• Sue



Cardio based activities are so 80’s.  Back when the fitness industry really started to get some momentum, fitness guru’s believed “cardio” based workouts was what we should be doing.  We did group Hi-Lo aerobic dance classes, STEP classes, Kickboxing classes and Boot Camp classes just to mention a few.  The running craze hit in the late 70’s and Nike, Reebok and other fitness brands, came to be household words.  Hence, the fitness industry was born.  We were convinced that doing “cardio” for an hour at a steady state heart rate was the way to perfect health.  We bought fitness gear to support our habits.  Retail stores that only sell running shoes popped up all over and we couldn’t get enough.  Since that time it was discovered there was no research or science behind the information we were fed about fitness.  After decades of people thinking that doing “cardio” based workouts was where they should put there exercise time, we have come to find out that the experts were wrong.  Current research shows those kinds of activities, over time, tend to cause injuries, wear and tear on our joints and connective tissue issues long term.  None of those activities have any sustainability.  The risk does not reap the reward.

Today’s fitness experts are singing a new song.  Promoting workouts that are focused on strength training.  Workouts that are based on interval training are the most effective for fat loss and increased cardio-pulmonary function.  The concept of interval training is to work hard for a short period of time.  An active recovery follows to slow the system function before the start of a new interval.  We are seeing more mind-body connection exercise modalities increase in popularity.  As we all know now, this is the exact principle Barre Fitness is based on.  Using our own body weight and light dumbbells to create resistance to build strength.  Barre is here to stay.  It is not a fitness trend, it is a sustainable way to build muscle, decrease body fat and look amazing in your skinny jeans!

Research shows that not only can weightlifting improve your body composition and give you a toned appearance, it can also improve your overall health and make you a happier person.  Weightlifting can help you burn fat, reduce your risk of diabetes, prevent back pain and even help you fight depression. 

As you age, you naturally lose muscle and bone mass.  This is of special concern for women, whose bones are smaller to begin with and can become dangerously weakened by age.  Strength training can help fight this.  Just as you muscles adapt to the stress of weightlifting by becoming bigger and stronger, your bones also adapt.  Dr Ledesma, states, “Anytime your bones perceive stress, the response is that more bone will be deposited”.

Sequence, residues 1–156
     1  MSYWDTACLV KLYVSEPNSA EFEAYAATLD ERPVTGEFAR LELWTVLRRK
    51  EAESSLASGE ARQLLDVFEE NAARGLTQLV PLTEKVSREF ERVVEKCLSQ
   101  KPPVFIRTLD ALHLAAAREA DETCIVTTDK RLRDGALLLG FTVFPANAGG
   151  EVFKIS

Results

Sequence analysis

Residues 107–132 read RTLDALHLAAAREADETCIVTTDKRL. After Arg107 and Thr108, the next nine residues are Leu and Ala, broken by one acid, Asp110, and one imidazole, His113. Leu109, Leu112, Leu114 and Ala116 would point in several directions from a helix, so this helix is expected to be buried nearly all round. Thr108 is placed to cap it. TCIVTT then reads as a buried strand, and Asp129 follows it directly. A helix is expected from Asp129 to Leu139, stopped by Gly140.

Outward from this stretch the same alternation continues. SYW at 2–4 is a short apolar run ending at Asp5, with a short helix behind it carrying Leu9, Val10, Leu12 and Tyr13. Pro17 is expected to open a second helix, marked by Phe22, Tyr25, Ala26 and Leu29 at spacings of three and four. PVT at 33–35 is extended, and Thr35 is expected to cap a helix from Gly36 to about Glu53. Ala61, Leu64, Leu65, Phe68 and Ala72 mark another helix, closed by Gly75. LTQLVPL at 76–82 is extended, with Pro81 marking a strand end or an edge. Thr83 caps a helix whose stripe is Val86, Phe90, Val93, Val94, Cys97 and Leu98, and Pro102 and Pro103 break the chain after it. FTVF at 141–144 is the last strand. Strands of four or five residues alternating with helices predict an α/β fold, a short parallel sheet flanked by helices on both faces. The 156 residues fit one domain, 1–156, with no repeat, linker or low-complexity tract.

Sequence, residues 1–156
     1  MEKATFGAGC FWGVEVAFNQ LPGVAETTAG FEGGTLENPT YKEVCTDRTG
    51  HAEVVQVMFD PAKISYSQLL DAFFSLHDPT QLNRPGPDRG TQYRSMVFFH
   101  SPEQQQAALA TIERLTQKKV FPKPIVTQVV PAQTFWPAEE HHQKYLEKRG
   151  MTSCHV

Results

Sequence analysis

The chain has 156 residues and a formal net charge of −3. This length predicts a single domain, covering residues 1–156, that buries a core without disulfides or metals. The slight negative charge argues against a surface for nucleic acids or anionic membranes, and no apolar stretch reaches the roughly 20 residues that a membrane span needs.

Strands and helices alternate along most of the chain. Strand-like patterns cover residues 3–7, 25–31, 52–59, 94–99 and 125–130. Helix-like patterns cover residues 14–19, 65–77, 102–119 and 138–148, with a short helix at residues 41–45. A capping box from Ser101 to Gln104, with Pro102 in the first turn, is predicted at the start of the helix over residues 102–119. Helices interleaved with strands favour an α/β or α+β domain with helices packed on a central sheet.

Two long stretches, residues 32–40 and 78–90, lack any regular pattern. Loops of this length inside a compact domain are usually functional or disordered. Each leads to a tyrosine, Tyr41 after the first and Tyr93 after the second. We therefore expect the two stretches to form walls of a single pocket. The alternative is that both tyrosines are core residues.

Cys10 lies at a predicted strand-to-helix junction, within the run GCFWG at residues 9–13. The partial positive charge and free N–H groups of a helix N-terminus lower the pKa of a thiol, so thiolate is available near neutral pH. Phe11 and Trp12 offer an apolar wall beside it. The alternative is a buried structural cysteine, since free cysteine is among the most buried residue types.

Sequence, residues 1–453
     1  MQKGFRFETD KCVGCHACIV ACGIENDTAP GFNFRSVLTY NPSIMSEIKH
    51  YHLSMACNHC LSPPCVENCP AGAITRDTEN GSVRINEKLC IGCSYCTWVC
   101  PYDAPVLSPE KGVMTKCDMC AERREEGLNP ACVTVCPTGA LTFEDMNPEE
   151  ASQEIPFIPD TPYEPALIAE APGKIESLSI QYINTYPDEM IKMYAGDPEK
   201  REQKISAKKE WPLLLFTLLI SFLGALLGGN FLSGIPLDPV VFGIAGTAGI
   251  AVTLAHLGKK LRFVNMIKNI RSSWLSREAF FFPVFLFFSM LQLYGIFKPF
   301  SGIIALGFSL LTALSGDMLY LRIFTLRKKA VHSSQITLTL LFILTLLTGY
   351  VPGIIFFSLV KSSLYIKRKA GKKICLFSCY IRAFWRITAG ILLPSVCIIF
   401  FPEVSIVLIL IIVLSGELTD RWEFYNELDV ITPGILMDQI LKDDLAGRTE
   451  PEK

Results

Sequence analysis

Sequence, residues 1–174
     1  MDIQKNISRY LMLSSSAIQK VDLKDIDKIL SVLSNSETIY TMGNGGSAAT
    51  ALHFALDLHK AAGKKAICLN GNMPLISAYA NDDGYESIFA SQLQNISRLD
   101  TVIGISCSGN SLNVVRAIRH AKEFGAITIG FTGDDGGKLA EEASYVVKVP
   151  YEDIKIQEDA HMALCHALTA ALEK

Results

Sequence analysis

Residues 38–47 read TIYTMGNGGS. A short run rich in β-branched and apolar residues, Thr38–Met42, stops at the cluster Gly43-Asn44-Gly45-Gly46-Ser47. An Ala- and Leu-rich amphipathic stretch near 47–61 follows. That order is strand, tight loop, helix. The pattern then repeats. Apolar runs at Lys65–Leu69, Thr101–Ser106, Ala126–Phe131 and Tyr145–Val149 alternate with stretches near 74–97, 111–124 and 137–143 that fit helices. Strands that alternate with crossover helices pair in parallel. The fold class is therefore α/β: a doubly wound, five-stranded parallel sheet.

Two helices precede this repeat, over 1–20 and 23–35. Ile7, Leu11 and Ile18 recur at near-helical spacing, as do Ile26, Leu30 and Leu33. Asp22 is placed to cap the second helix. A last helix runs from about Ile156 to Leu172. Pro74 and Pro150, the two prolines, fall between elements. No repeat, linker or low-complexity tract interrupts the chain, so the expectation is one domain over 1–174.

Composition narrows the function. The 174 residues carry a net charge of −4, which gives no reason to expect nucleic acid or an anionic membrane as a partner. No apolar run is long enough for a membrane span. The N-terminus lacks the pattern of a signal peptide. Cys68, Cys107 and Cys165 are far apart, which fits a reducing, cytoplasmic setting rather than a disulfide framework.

Strength training can translate into better performance if you play a sport.  It also improves dexterity, endurance and hand-eye coordination, all of which will help you be at the top of your game.

Body awareness, or being able to recruit the proper muscles in the right sequence, is key for moving in a way that is both efficient and safe in daily life, according to fitness expert John Carrico.  This is why we focus on technique and form in barre.

The World Health Organization reports that nearly 350 million people have diabetes worldwide and predicts that by 2030, the disease will be the seventh leading cause of death.  You probably know that living a healthy lifestyle-including managing your weight, eating a healthy diet, getting regular exercise and abstaining from tobacco use – can help you prevent becoming a statistic, but you may not know that strength training, specifically, plays a significant role in reducing your risk.   Strength training can help regulate blood glucose too. 

Reducing back pain by strengthening the muscles of your core, those that support your spine can lessen the discomfort and undo some of the damage caused by sitting all day. One of the best exercises to build strength in the core is planking.

Your body has various smaller muscles call stabilizer muscles.  These muscles do exactly what you would think:  They help stabilize you.  Each time you strength train you’re indirectly targeting those little muscles that help keep you upright and take care of everyday tasks such as balancing on one foot to reach a high shelf or stopping yourself from falling on an icy surface.  This is especially important for people as they age. 

When you feel stronger physically, you usually feel stronger mentally.  Fitness experts say, “strength training teaches you the skill of perseverance, the ability to overcome discomfort and challenge yourself. It teaches you to push yourself when everything tells you to stop, when your muscles start to give out and it burns and it hurts.  When we get into those high-intensity situations, we have a choice, we can either stop everything and try to return to our comfort zone, or decide that this level of discomfort is worth the reward.  That decision – that it’s worth persisting through that uncomfortable situation – 100 percent contributes to successful situations in other parts of our lives.”  It is also in that moment the magic dust falls out of the ceiling!

Lastly, plain and simple, strength training is the best way to get a lean, toned, fit body.  This principle is the foundation of our barre method.  It will change the shape of your body and it will change your life!

Happy Tucking  - See you at the barre!

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